Flash-grilled: Sean Garrett

By James McAllister

- Last updated on GMT

Flash-grilled: Sean Garrett head chef at The Pig & Butcher pub in Islington

Related tags: Chef, Pub, London

The head chef at The Pig & Butcher pub in Islington on where to get the best chicken wings in west London, and a dangerous scuba diving escapade in Mexico.

What was your first industry job?
My first industry job was a small café owned by my best friends’ parents in a placed called Burleigh in QLD Australia.

If you weren’t in kitchens, what would you do?
If I wasn’t working in kitchens, I would love to be game keeper on an estate somewhere in the countryside. 

Pet hate in the kitchen?
Labels that that have been labeled with a biro pen.

What’s the oddest thing a customer has said to you?
I once had a customer request 'thank you so much mommy, I love you so much' in chocolate on a dessert plate.

Sum up your cooking style in a single sentence…
Precisely rough and ready.

What’s the worst review you’ve ever had?
They all hurt when you get them.

Which single item of kitchen equipment could you not live without?
I couldn’t live without a Vitamix.

What would you choose to eat for your last meal?
Starter - roasted scallops; mains - beef Wellington; pudding - apple tart tatin with loads of vanilla ice cream and custard.

Favourite fast food joint?
Chicken Cottage in Ladbroke grove. Best wings in west London in my opinion.

Who would your dream dinner party guests be?
The cast of the film The Gentleman,​ including director Guy Richie. Oh and my wife and son (better not forget them)…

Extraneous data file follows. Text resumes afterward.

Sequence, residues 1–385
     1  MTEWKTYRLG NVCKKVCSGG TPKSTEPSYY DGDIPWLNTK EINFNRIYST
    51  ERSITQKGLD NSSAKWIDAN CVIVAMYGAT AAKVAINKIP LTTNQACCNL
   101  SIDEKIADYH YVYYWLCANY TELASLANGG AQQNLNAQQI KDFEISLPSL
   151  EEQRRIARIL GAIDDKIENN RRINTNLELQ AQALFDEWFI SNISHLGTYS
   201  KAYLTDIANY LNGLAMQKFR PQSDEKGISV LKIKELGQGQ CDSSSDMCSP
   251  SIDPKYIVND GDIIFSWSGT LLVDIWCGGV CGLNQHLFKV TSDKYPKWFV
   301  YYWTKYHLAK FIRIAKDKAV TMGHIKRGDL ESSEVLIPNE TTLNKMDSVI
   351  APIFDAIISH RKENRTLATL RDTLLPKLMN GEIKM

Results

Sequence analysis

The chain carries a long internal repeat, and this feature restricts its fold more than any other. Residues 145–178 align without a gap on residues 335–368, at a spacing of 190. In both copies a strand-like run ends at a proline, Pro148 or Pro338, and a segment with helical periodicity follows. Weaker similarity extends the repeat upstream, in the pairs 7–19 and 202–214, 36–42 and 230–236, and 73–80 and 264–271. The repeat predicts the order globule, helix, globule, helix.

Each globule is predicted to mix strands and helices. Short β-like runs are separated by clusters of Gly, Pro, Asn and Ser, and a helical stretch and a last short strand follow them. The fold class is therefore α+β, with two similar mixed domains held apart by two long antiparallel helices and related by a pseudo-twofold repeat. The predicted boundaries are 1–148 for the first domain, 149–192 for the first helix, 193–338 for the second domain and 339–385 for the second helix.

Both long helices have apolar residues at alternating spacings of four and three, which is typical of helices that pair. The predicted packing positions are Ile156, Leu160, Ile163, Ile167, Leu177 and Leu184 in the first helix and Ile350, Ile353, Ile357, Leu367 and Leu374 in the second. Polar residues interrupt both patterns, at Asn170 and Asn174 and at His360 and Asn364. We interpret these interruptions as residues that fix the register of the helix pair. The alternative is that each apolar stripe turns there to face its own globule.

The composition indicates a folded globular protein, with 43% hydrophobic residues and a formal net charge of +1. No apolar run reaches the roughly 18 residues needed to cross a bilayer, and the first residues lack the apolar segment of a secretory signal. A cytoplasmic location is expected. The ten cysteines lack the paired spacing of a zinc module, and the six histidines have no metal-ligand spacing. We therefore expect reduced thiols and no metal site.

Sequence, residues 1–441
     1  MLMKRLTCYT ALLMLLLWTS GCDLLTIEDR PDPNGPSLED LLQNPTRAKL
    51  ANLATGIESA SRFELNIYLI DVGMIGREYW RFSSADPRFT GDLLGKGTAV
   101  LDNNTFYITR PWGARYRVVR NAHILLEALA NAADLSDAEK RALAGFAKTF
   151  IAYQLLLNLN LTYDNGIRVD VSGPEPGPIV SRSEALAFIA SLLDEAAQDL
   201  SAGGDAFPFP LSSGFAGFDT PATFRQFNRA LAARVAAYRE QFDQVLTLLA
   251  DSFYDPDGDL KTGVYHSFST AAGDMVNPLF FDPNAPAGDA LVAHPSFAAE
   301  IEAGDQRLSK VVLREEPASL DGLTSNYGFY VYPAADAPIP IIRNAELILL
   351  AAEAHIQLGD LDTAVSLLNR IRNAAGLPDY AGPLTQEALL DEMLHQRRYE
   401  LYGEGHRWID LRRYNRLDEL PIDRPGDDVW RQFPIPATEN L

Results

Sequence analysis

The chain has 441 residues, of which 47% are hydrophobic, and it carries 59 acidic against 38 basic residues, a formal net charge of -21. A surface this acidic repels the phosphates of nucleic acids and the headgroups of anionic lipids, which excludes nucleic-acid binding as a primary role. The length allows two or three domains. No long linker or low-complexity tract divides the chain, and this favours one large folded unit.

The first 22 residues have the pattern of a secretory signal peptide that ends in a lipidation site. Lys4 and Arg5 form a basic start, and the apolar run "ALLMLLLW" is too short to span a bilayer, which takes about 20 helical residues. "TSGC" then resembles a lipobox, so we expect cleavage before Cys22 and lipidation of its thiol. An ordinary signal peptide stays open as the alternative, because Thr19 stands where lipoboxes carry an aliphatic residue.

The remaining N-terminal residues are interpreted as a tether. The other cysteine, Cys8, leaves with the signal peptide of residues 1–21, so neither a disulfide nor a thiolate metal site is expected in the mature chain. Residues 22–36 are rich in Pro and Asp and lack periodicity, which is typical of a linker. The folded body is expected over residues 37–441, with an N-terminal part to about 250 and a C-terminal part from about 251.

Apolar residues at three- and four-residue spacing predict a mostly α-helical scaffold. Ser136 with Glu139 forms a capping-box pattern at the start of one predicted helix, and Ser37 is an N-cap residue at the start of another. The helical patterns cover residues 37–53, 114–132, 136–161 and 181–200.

What’s your earliest food memory?
My Grandmother would make this stewed strawberry cream cheese lattice slice. I can remember it being so delicious that I can close my eyes and taste and remember it now.

What’s the closest you’ve ever come to death?
Scuba diving in Mexico. We had done a deep dive and had to make a couple of safety stops to make sure the nitrogen that our bodies had absorbed would be released. As we got to the depth of our first safety stop my dive computer was reading that I did not have enough air to make it to the surface. I had to return to the surface on the instructor’s emergency air source. Very embarrassing, dangerous and scary. 

Tipple of choice?
Warmer months would have to be a German riesling or a gin cocktail. And in the cooler months, a negroni.

What advice would you give someone starting out in the industry?
The best piece of advice I was given when I was starting out was keep your head down, work hard, say YES,  oh and taste, taste, taste.

Related topics: People, Profiles, Chef

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